Interrogate Current And Historical Attitudes English Literature Essay

"Mental health is used positively to indicate a state of psychological well-being, negatively to indicate its opposite (as in ‘mental health problems’)" [1] however, in connection to madness images of Hannibal Lecter and Norman Bates are immediately conjured. Such is the fear or amusement that madness creates in the general population that we have quite a rich lexicon to describe it. Terms used in the English vernacular have included ‘away with the fairies’, ‘bananas’, ‘crazy’, ‘crackers’, ‘deranged’, ‘on another planet’ or just ‘mental’. Most descriptions imply alienation with the mad being under an extra-planetary influence. So, how have we come to such narrow conclusions about those who are medically classified as mad? Through practice we undertook on the module we were able to investigate further.

We began by reading Euripides’ ancient Greek tragedy, The Bacchae. The god Dionysus has returned to Thebes seeking revenge on its inhabitants, more specifically his mortal family, the royal house of Cadmus. "Two stereotypical and enduring descriptions of madness since ancient times have included violence and aimless wandering." [2] The Bacchae lives up to such expectations as Dionysus drives his army of women (Bacchantes) to tear (his cousin) King Pentheus’ body apart piece by piece; "tossed as in sport the flesh of Pentheus dead." [3] What was intriguing was that although written around 405 BC Greek tragedy occupies a regular space in the London theatre season. It was interesting to ponder over the reasons behind how such plays transcend history to be valuable to a modern audience. Helene Foley questions whether or not this is because Greek plots can aim at uncovering deep psychological truths without degenerating into soap opera, "due in part to the presence of divine forces and a public, political setting in the remote past, providing a more complex notion of motivation that can be projected by reduced modern characters in the present." [4] 

We watched Dionysus in ’69, a 1970’s film by Brian De Palma. The film is a recording of The Performance Group’s stage play of the same name, an adaption of The Bacchae. The performance is a contemporary adaption used to commemorate America’s cultural politics at the time. The Civil Rights Movement made great changes in society in the 1960’s, it was a time of liberation and to a certain extent, equality, until 1965 when massive troop build-ups were ordered by president Lyndon B. Johnson to put an end to the conflict preventing North Vietnam from overtaking South Vietnam. The draft was accelerated and anti-war sentiment grew in the US. College students organised anti-war protests, draft-dodgers fled to Canada, and there were reports of soldiers reflecting the growing disrespect for authority, shooting their officers rather than following orders. This was a time of unrest and mass hysteria, conformity was no longer the only option. The performance Group staged their unrest in the form of Dionysus in ’69. The film certainly presented a modern outlook of The Bacchae but still retained its key narrative: power shadows over all men.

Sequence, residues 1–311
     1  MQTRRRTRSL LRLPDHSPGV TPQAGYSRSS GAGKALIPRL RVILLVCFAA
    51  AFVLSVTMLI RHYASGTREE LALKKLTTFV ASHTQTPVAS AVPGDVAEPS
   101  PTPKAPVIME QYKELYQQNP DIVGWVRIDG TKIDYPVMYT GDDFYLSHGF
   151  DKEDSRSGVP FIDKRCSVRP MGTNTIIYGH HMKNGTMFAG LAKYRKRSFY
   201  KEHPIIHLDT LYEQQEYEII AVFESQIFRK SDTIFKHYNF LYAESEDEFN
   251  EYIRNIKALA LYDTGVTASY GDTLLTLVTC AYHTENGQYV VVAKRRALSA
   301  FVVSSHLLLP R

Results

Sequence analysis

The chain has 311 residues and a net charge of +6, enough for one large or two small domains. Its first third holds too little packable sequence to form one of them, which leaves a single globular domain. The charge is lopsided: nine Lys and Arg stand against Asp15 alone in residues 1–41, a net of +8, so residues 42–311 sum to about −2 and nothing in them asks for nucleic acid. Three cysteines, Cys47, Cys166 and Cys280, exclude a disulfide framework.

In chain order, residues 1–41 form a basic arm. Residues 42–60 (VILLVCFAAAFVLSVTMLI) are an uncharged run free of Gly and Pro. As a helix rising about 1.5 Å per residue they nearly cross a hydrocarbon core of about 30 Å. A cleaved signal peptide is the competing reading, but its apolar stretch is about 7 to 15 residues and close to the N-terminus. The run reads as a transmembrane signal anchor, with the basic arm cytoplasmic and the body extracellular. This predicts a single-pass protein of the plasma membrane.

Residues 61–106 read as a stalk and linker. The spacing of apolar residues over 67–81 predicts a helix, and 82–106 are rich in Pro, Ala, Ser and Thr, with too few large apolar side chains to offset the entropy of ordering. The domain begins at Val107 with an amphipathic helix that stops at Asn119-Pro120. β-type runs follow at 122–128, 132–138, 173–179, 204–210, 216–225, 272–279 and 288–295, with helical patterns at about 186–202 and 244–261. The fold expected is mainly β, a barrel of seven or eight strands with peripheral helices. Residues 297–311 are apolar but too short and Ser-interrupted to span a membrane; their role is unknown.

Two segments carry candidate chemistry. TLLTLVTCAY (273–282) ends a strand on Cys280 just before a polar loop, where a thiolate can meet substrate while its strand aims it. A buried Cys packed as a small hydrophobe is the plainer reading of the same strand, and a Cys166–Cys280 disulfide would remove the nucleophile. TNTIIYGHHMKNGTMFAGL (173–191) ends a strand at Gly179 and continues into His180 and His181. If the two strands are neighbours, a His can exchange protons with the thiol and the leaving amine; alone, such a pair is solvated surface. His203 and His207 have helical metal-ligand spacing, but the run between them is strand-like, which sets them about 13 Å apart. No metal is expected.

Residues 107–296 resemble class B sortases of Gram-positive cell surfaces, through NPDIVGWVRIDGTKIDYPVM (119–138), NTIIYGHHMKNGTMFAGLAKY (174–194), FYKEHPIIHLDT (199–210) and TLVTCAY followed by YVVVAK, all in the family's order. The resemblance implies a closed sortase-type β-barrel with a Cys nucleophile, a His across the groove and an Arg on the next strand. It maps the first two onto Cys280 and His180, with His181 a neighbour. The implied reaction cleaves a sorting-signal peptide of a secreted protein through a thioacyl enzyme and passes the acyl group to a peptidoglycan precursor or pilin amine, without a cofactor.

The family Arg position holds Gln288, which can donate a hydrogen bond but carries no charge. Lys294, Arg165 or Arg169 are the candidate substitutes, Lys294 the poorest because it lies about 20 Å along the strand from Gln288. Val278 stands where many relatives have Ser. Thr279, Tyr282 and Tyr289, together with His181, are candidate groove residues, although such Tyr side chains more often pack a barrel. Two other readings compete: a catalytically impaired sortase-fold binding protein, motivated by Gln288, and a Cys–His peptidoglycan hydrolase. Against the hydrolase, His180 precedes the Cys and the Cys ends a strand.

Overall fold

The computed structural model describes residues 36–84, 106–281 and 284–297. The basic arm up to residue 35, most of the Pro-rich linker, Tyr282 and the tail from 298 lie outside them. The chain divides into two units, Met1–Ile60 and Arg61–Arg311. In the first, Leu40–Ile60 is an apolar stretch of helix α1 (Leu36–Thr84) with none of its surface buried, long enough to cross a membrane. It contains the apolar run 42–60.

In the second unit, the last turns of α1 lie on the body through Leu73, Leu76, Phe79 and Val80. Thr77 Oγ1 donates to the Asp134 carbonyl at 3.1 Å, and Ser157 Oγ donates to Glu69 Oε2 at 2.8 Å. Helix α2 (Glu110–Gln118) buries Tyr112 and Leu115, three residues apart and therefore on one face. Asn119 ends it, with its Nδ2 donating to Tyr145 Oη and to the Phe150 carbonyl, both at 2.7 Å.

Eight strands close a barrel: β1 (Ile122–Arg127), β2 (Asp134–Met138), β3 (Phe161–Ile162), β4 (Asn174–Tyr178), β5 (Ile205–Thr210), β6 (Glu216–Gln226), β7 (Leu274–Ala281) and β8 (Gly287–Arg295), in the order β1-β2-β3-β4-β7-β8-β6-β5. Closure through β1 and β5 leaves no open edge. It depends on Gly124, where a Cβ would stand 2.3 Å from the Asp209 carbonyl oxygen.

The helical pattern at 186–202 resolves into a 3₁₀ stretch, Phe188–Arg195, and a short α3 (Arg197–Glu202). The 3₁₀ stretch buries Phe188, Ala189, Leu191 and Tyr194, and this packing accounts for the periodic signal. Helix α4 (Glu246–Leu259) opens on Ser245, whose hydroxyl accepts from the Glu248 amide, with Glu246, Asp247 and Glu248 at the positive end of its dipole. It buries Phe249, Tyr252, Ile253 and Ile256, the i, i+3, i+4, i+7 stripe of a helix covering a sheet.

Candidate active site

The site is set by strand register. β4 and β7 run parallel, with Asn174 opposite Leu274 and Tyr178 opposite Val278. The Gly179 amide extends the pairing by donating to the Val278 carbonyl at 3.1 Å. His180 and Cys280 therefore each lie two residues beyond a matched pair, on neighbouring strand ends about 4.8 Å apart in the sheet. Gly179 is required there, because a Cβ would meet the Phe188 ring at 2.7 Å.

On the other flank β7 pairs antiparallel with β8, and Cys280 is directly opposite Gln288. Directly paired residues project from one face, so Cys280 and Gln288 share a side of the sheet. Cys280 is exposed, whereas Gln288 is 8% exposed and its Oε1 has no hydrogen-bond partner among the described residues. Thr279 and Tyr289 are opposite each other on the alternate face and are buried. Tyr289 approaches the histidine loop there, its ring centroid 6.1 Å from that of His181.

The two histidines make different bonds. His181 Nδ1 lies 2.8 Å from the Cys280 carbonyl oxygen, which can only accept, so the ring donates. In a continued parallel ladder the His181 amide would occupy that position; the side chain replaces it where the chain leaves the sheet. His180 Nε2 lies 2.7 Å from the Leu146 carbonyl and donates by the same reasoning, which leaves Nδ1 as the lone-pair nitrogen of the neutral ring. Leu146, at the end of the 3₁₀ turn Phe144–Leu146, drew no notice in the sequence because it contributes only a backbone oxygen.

The myriad of personalities and attitudes of Shakespeare’s characters are certainly some of the most renown in all Western literature. The depiction of mental illness and the corresponding treatment of madness within Renaissance society are never more vividly depicted than in King Lear. Shakespeare’s plays, and in particular King Lear, have been a favourite source of clinical observation and diagnosis for psychiatrists for the past two centuries. Most authors agree that the description of Lear’s mental symptoms is remarkably consistent and close to life. King Lear presented an underlying condition which manifests itself in Lear’s deterioration as the toll of the cataclysmic events catch up to him. In our study of King Lear we noticed that the relationship between mental health and society’s norms are as relevant in Shakespeare’s portrayals as it is today in our own culture and treatment of present-day afflictions. We all too commonly place demeaning labels on people who are behaving in a strange if not decidedly aberrant ways. That was as true during the Renaissance as it is now.

Moving closer in time to that we exist in now, we explored the Jacobean tragedy The Changeling, visiting London’s Young Vic’s production under the same name. Although set in Alicante, Thomas Middleton and William Rowley’s play gives a strong flavour of the conditions faced by those classed as insane in the Jacobean period. The sub-plot is set in an asylum presided over by Alibius, who fears the "daily visitants" [5] – those coming to gawp for their own amusement – might seduce his wife Isabella, a matter only temporarily resolved by locking her up. The Changeling blurs the distinction between the witless and the sane to the point where all characters are all seemingly mad.